Hundreds dying daily as famine spreads in Somalia: UN
Famine has spread to six out of eight regions in southern Somalia, with 750,000 people facing imminent starvation, the United Nations said on Monday, and hundreds of people are dying each day despite a ramping up of aid relief.
"The entire Bay region has now been declared a famine area," said Mark Bowden, the United Nations' Humanitarian Coordinator for Somalia.
Bay is the sixth region of Somalia to slip into famine since the United Nations' initial declaration of famine in the war-torn country in July that has left 4 million Somalis, or 53 percent of the population, unable to meet their food needs.
Hundreds of people are dying each day and at least half of them are children, the United Nations' Grainne Moloney said, adding she expected the remaining regions of southern Somalia to slip into famine by the end of the year.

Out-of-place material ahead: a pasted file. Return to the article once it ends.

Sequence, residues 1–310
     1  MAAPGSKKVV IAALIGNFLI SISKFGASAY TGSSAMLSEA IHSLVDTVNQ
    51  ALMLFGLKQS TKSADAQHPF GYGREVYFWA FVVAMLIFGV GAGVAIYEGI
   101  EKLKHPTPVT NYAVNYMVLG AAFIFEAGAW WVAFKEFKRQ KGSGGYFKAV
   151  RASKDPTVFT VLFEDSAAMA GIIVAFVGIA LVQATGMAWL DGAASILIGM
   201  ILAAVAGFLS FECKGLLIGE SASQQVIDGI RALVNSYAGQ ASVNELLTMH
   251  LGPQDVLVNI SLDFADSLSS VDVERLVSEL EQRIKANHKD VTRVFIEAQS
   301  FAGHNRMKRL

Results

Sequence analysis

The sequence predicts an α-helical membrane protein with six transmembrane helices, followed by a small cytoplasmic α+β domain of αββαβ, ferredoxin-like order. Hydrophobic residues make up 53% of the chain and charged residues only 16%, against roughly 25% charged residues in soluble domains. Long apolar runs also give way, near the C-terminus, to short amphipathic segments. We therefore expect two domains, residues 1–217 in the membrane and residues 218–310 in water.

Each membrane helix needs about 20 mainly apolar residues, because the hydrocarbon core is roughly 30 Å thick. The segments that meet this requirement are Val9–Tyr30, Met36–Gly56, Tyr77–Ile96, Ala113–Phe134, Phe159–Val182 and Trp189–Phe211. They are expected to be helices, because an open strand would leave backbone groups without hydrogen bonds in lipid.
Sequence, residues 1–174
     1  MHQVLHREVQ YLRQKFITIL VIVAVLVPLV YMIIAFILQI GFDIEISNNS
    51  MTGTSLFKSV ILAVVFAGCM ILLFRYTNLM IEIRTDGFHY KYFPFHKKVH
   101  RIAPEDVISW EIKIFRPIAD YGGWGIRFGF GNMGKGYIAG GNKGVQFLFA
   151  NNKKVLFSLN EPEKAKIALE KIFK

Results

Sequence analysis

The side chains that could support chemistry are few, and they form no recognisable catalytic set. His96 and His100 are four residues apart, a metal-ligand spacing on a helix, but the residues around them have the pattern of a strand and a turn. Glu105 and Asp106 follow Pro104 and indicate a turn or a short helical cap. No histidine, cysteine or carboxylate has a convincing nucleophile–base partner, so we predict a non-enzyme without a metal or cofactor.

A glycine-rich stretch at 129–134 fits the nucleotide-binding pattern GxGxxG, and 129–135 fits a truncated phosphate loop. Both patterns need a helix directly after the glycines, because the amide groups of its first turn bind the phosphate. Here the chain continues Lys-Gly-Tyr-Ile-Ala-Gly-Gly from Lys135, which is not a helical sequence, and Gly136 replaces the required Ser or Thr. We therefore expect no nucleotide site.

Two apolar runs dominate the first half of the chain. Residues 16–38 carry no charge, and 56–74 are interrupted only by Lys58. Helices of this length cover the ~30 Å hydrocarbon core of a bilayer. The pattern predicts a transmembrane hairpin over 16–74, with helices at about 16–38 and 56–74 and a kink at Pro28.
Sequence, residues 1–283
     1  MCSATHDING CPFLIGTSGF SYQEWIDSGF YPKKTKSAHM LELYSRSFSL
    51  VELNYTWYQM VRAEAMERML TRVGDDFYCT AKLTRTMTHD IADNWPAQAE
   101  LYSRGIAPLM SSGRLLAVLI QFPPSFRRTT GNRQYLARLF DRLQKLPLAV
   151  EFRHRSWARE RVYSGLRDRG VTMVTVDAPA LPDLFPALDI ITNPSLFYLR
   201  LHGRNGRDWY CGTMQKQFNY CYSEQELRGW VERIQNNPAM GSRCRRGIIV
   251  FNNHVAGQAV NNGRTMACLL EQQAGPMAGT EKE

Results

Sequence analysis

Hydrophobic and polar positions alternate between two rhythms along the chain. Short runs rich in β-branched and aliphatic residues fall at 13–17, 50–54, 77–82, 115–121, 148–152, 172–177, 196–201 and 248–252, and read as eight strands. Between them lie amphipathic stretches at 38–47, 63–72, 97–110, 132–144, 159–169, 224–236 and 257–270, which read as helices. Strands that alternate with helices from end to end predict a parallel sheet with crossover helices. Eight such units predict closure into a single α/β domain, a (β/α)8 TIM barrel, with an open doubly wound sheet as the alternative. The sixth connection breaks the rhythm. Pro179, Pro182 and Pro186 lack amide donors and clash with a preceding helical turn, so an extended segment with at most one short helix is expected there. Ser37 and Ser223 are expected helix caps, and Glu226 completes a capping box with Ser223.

Aid agencies are only able to get food aid to 1 million of those in need because the al Qaeda-affiliated al Shabaab rebel group, which controls much of the south, will not allow food shipments in.
"The rate of malnutrition (among children) in Bay region is 58 percent. This is a record rate of acute malnutrition," said Moloney, the chief technical adviser for the U.N. Food Security and Nutrition Analysis Unit.
Famine exists where at least 20 percent of households cannot access enough food, over 30 percent are acutely malnourished and two people per 10,000 die every day, according to the United Nations.
The Horn of Africa has been experiencing its worst drought in decades, affecting parts of Kenya, Ethiopia, Djibouti and even Uganda.